Home Buyers Guide

  What to consider:

      The programs you plan to use on a day to day basis should be the guiding factor in your purchase of a home computer.

      If you only need to browse the net, send the occasional email and use simple programs such as Microsoft Word, an entry-level computer or laptop should suffice for the average person.

      If you are looking to use more complex and intensive programs such as photo or video editing softwares, this will require better hardware. Look for a mid to high-level computer or laptop with more ram (8gb minimum), a mid tier CPU such as an Intel Core i5 and a graphics card (for games, video editing, graphics design).

Deciding between a desktop computer and a laptop:

      Desktop computers are more suited for home office set-ups with lots of space, as they can be bulky, heavy and not very portable. A home office set-up will require space for a desk, monitors, keyboard, mouse and desktop.

      Desktop computers are easy to upgrade when needed or parts replaced if they fail. Nearly every part of a desktop can be replaced with relative ease.

      Laptops are more suited for people who wish to have a more portable set-up, allowing you to work or browse on the move. Laptops also take up a lot less space than a full home office set-up.

      High-end laptops are generally a bit more expensive than a high-end desktop computer when comparing similar models and hardware.

      Laptops are not easily upgradeable or replaceable compared to desktop computers. The main parts that you are able to change and replace in a laptop include RAM, storage and battery.

Which CPU should you choose?

      The two major manufacturers of CPUs are currently Intel with their Intel Core selection and AMD with their Ryzen selection. Both companies currently offer great options to suit any workload and have models to suit any budget.

      Intel Core i3 and Ryzen 3 are the introductory models and are suited for simple workstations that are affordable. These CPUs may begin to struggle if doing more than web browsing, emailing and running simple office suite programs. They are generally not ideal at running all these programs at the same time and therefore may limit multitasking ability and productivity.

      Intel Core i5 and Ryzen 5 are the mid-range options and offer good performance in most situations. They will typically allow you to run multiple programs at once and therefore allow for more productivity when compared to the Core i3 and Ryzen 3.

      Intel Core i7 and Ryzen 7 typically have better performance than the Intel Core i5 and Ryzen 5 due to more cores and a higher clock speed. They are suited for systems that are required to run more intensive programs such as those used for video and image editing, 3D modelling, gaming and programming.

      Intel Core i9 and Ryzen 9 are the enthusiast grade offerings of both companies and give extremely high performance for high-level gaming, multi-tasking, professional video/audio editing and 3D rendering.

The key components of a computer:


      The CPU acts like the brain of the system. It runs all programs, calculations and operations. A computer cannot function without one.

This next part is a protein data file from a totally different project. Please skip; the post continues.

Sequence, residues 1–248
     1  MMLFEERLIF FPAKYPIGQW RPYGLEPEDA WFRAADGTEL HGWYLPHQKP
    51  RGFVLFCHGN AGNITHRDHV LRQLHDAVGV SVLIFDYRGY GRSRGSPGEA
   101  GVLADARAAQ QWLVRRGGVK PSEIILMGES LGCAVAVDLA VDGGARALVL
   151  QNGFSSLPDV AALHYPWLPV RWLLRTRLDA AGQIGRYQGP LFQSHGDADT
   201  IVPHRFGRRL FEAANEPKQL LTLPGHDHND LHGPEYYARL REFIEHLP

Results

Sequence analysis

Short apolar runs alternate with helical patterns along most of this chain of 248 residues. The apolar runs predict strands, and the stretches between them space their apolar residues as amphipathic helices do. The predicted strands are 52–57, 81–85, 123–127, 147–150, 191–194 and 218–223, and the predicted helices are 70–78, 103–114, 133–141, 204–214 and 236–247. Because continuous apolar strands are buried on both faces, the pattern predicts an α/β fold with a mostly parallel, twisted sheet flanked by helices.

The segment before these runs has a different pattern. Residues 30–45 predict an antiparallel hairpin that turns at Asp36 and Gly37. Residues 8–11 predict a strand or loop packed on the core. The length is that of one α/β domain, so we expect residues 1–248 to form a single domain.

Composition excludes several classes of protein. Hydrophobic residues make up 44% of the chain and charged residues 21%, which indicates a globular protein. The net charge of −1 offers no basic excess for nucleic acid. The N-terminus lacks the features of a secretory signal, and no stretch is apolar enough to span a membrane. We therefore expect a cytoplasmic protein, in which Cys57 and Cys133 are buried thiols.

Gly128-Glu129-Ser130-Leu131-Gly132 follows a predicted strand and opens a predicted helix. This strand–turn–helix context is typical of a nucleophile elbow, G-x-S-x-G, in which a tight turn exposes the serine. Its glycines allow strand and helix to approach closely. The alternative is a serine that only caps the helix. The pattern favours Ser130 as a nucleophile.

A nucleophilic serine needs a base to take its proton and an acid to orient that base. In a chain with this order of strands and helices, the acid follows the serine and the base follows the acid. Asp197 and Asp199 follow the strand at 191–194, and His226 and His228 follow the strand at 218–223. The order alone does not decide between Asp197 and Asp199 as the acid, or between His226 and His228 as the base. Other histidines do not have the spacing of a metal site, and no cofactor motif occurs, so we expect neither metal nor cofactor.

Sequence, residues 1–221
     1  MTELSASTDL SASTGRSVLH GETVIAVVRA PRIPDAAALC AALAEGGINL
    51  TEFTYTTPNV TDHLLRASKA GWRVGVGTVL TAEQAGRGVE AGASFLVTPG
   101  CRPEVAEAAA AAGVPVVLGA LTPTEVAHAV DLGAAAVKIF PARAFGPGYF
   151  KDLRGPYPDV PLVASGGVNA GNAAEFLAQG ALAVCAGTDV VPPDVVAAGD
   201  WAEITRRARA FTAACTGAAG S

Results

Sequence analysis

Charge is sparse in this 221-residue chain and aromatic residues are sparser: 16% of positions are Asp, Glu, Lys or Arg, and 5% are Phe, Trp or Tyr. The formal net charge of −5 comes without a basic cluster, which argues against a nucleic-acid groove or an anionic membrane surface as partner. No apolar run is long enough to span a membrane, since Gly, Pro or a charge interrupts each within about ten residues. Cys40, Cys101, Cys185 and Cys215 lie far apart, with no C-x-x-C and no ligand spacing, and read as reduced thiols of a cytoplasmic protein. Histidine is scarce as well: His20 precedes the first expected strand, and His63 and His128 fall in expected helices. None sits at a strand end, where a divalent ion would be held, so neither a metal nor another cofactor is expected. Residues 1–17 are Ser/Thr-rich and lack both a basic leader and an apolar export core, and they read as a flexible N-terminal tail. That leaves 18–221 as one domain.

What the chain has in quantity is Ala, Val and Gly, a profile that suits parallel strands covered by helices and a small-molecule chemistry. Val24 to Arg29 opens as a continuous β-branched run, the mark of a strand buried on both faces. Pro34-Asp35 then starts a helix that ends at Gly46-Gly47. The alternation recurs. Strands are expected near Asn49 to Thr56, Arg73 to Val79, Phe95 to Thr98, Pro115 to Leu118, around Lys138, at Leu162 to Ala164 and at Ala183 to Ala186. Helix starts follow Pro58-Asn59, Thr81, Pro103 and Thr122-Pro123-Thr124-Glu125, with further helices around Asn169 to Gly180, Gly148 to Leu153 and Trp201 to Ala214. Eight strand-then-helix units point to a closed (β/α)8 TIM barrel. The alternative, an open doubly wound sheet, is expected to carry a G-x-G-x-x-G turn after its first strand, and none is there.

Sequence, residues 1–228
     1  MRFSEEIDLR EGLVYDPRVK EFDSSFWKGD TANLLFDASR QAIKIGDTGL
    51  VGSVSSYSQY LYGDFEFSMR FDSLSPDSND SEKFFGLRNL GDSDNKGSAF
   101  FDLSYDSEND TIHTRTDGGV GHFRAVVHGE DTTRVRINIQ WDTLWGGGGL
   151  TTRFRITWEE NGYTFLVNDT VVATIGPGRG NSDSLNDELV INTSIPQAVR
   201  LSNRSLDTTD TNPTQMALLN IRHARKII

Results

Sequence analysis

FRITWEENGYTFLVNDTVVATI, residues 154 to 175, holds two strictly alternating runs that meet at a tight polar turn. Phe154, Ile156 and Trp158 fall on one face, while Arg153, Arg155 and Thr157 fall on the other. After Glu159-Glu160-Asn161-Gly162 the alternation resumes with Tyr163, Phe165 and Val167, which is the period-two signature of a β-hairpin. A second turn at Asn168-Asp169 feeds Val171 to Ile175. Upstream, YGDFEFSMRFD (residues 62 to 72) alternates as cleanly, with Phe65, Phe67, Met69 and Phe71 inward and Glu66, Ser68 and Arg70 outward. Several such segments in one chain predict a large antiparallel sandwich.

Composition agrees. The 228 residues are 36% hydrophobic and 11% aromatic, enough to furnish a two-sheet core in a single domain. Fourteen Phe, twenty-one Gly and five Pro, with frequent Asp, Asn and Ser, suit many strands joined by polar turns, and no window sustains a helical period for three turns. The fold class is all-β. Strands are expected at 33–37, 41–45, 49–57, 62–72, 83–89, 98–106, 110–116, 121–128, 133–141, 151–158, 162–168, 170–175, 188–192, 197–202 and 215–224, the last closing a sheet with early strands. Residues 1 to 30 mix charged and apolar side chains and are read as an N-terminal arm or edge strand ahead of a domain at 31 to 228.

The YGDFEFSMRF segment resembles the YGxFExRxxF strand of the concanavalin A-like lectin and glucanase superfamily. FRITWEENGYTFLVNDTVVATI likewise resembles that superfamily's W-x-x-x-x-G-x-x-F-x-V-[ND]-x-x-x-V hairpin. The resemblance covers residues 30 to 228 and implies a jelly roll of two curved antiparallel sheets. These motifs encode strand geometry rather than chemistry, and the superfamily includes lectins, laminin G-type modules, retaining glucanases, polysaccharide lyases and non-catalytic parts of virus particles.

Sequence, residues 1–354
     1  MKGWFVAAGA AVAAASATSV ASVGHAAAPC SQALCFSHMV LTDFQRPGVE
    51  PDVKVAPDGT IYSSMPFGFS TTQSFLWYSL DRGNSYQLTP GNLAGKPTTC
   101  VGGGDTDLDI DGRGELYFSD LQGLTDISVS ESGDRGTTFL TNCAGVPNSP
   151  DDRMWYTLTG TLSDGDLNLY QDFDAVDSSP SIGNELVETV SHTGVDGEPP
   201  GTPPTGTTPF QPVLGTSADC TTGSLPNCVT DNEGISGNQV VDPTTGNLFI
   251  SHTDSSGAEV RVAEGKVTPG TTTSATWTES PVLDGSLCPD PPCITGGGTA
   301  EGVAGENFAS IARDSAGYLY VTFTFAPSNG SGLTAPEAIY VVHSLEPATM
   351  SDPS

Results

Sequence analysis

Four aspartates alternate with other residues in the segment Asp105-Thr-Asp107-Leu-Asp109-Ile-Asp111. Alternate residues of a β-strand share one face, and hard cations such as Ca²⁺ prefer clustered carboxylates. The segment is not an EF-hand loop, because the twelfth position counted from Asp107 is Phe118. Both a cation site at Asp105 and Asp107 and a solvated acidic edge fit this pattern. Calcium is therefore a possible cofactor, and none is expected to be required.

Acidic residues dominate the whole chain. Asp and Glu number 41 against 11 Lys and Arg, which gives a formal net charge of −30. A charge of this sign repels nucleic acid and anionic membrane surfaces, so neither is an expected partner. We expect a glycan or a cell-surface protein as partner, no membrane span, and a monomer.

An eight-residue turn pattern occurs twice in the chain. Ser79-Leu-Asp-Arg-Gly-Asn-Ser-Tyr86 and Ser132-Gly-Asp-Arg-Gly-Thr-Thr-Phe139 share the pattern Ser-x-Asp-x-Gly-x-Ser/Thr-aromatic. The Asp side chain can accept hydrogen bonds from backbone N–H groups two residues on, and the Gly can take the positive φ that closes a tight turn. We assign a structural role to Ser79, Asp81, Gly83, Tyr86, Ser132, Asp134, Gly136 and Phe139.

Generally, the higher the clock speed (GHz), the faster the CPU. The more cores, the better the performance and multi-tasking capabilities.

      Look for a CPU with a high clock speed and high number of cores if you plan on running demanding software, running multiple tasks at once or playing intensive games.

      When looking at a CPU, the major manufacturers are Intel and AMD. Both companies have a number of great options to suit any budget and workload. Intel offers the Intel Core series, whilst AMD offers the Ryzen series.

      If building your own computer it should be noted that an Intel CPU must be paired with an Intel motherboard and an AMD CPU needs to be paired with an AMD specific motherboard.

Graphics Card

      The graphics card creates the image on the screen and is generally only necessary for gaming, video editing, graphics design and 3D rendering.

      You may need a dedicated graphics card if you want to use multiple monitors but your motherboard only has limited display connections, or in cases when a CPU does not support integrated graphics at all.

      The core clock and the memory size of the graphics card are the two most important factors to look at when purchasing.

      For gaming, it is a good idea to buy a gaming system with a graphics card that has the highest memory size and core clock that you can afford to maximise performance.


      RAM stores small amounts of data but transfers it at extremely high speeds.

      Aim for at least 8gb of RAM for everyday use. This amount will allow for comfortable multitasking whilst using simple programs.

      When gaming 8gb is the absolute minimum, however this will limit multi-tasking ability and background program activity. Modern games are quickly beginning to require up to 16gb of ram for maximum performance and is the recommended amount for many new release games.

      For intense video/audio editing software, programming or 3D rendering, 32gb may be required to get the best performance.


      When considering a storage device, think whether a Solid-State Drive (SSD) or a Hard Disk Drive (HDD) suits your needs.

      An SSD generally has high speeds but smaller storage amounts while a HDD will have high storage amounts but slow speeds. This means that SSDs are typically more expensive than HDDs.

      If your operating system is installed on an SSD, it will allow for extremely fast boot up times and data transfer speeds.

If more space is required, consider an external storage device for your system. This will allow you to back up important documents and save any additional files.
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